Suppose the market interest rate for similar-risk securities is 12 percent one year ago. This can happen because the key rate at which RBI lends to other banks has been increased. Now the new bonds look at 12 times more appealing than the old bonds. Therefore, the price of the earlier 10 percent coupon bonds would fall below the INR 1000 face value. If interest rates on similar types of bonds were to fall to 8 percent, then the 10 percent coupon bonds issued by Energy Grid would look more attractive than similar risk bond options available on the market. This will raise the price of these bonds and the Energy Grid bonds will begin trading above par i.e. they will sell on the market for more than INR 1000.
As you can see, there is an inverse relation between bond prices and interest rates. As interest rates rise, bond prices will fall, and bond prices will rise as interest rates decline. Interest rate risk relates to this change in bond prices due to interest rate movement. Interest rate risk is the most severe debt-related threat. A bond investor faces interest rate risk because with interest rate fluctuations, the value of his / her bond holding can shift.
The more prone the fund is to changes in interest rates, calculated by the average effective period the longer the life of a fund. The relationship of different durations between funds is straightforward:
A fund with a 10-year duration is twice as volatile as a five-year fund. Duration also indicates how the NAV of a fund can adjust as interest rates rise.
If interest rates rise by one percentage point or gain 5 percent if interest rates dropped by one percentage point, a fund with a five-year period would be expected to lose 5 percent from its NAV.
A mutual fund that invests in 5- to 10-year maturity securities.
Mutual fund schemes investing in foreign countries.
The investment target is the most important aspect of a Mutual Fund strategy which specifies the financial goal the scheme aims to accomplish and describes the level of risk it is likely to assume when attempting to achieve that goal. Hence, a Mutual Fund scheme's investment goal allows investors to determine,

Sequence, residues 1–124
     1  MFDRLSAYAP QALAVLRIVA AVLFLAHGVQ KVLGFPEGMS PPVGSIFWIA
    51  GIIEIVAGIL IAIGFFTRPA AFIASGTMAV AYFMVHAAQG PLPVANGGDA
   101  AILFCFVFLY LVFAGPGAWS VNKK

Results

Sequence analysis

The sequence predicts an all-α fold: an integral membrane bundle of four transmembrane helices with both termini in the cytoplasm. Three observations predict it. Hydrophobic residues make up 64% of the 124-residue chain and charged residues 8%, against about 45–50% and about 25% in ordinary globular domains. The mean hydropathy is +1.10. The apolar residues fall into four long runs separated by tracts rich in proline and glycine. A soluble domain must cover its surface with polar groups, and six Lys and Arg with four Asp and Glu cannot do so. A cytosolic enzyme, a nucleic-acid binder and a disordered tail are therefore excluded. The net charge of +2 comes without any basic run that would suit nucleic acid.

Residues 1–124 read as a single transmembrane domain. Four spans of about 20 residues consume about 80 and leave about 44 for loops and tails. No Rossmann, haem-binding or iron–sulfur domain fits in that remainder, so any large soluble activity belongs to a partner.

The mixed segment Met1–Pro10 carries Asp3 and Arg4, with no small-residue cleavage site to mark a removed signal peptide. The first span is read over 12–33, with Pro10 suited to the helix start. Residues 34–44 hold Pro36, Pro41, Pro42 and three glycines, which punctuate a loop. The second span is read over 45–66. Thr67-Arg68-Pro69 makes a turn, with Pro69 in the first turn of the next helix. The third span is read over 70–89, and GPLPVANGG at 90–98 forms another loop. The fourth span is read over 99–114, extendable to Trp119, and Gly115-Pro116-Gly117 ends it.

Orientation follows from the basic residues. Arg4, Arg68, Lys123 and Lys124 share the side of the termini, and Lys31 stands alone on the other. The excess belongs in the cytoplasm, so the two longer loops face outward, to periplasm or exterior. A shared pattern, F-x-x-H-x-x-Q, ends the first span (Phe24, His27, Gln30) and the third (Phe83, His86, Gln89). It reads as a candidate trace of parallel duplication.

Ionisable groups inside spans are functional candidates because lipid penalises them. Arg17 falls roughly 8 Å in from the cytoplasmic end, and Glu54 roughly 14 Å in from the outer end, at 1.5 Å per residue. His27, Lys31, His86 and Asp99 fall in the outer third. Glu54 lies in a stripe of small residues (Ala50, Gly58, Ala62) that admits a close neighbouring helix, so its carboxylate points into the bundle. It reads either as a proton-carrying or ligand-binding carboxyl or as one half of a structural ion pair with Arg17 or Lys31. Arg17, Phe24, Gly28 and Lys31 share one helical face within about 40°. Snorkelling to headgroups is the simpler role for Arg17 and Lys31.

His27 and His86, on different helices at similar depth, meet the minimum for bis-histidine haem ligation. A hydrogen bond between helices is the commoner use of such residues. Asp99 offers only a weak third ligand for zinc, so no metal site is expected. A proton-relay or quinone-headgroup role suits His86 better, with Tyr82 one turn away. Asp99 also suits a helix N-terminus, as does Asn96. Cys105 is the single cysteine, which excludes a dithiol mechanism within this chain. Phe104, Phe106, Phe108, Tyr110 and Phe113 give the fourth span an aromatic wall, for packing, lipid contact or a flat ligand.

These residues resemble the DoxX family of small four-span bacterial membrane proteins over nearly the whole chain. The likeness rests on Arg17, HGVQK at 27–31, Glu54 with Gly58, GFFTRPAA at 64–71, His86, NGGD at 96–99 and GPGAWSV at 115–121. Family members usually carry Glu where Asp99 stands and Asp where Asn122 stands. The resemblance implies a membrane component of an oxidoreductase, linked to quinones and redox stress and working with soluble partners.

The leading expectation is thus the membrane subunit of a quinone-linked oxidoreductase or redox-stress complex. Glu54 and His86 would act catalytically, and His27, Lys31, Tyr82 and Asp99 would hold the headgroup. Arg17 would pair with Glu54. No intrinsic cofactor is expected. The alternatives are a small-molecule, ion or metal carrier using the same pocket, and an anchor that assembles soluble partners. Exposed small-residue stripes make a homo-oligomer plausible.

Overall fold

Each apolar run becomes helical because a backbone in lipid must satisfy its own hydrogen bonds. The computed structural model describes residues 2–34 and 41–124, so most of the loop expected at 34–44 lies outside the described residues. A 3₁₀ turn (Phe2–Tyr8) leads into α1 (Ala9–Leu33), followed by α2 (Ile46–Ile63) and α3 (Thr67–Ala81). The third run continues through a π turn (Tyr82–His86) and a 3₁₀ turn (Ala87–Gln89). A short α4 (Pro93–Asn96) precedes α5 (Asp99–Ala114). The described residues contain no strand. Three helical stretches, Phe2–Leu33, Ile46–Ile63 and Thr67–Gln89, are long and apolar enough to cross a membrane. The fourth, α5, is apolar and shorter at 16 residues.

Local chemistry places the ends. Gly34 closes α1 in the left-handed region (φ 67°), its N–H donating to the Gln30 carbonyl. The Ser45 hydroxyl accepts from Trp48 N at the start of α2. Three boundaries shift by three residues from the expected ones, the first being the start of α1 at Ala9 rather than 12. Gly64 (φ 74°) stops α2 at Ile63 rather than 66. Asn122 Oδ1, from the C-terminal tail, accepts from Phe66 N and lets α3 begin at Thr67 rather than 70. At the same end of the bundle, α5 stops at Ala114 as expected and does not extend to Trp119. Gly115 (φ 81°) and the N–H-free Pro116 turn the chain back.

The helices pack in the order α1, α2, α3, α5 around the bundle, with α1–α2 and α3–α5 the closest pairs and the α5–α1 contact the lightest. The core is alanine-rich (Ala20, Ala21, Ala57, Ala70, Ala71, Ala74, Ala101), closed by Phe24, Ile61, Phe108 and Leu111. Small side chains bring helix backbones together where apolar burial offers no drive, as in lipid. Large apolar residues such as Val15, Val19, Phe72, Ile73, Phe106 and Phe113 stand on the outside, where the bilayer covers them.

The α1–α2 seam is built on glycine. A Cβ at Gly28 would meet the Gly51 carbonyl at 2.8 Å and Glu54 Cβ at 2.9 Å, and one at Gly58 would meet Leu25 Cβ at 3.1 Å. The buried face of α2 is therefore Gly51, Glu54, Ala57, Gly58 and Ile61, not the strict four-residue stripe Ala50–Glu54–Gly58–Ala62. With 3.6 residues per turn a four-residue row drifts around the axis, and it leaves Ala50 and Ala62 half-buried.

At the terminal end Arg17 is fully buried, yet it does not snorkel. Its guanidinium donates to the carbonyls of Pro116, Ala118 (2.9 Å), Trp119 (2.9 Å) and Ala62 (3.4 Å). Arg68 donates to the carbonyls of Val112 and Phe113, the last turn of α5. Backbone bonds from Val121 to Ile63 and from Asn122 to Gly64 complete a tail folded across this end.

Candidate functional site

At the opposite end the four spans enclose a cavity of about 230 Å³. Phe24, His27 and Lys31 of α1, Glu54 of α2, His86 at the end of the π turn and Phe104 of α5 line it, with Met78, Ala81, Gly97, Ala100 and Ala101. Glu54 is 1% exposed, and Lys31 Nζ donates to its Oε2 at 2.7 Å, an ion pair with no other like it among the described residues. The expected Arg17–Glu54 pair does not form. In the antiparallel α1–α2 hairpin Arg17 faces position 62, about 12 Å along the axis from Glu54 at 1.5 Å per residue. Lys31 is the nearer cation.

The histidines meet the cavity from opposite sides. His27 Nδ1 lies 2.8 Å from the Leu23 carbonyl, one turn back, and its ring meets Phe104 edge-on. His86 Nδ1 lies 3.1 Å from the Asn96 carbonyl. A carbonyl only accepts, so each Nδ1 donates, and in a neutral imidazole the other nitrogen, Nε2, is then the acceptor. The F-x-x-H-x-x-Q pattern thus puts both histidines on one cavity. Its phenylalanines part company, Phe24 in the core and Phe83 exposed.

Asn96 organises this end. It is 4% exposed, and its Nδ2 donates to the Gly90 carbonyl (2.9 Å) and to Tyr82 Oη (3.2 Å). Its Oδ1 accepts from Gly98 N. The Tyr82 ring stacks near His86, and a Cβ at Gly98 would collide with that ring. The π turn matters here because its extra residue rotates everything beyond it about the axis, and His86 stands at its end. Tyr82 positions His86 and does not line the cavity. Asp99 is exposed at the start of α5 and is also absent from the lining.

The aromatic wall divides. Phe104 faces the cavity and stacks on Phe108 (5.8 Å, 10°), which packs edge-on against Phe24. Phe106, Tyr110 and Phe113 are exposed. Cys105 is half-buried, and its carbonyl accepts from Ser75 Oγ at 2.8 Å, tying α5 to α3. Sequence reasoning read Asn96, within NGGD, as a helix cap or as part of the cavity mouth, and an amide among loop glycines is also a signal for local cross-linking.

The investment objective of the scheme helps investors to decide whether or not the scheme is appropriate for their portfolio. In short, a scheme's investment goal attracts like-minded investors who share a common investment goal and have similar preferences in the risk and time horizon.
The type of securities held in the portfolio of a scheme is determined by the scheme's investment goal. The goal could be capital appreciation over the generation of long-term or regular income or capital protection or something else. The fund manager must pursue an investing style in accordance with the stated investment goal of the scheme.
For example, a well-diversified equity folio's investment objective can read as follows:
ABC Fund's investment target is to provide capital growth plus regular dividend through a diversified portfolio of debt, fixed income securities, and money market tools.
As evidenced by the investment goal, ABC Fund will invest in large, mid-cap and small-cap stocks to diversify. As this fund's target is capital growth along with regular income, the fund will invest in a mix of stocks and fixed income securities such as bonds and money market instruments such as commercial papers, t-bills, etc. Such a goal would also require investors to be prepared for a long holding period, as investing in equities requires at least a five-year term, especially in the small and mid-cap segment. The scheme is likely to carry moderate to high risk as it will invest mainly in capitalization-wide equities, i.e. big, medium and small caps.
Without prior approval by the trustees, a Mutual Fund can not change the investment objective of any of its scheme and inform existing investors about the same. Investors are given the option to leave the scheme within a specified period without any charges before an adjustment can be made to the investment goal of the scheme.
A strategy used to build a portfolio of investments to achieve the desired target.
The annual percentage return that is known to be the ratio of annual net profit (actual or estimated) to capital value for a given price in an asset. Therefore, it is a measure of the view of an investor on the opportunities and risks associated with that investment. The better the outlook and the lower the risks, the lower the expected return and the higher the capital value.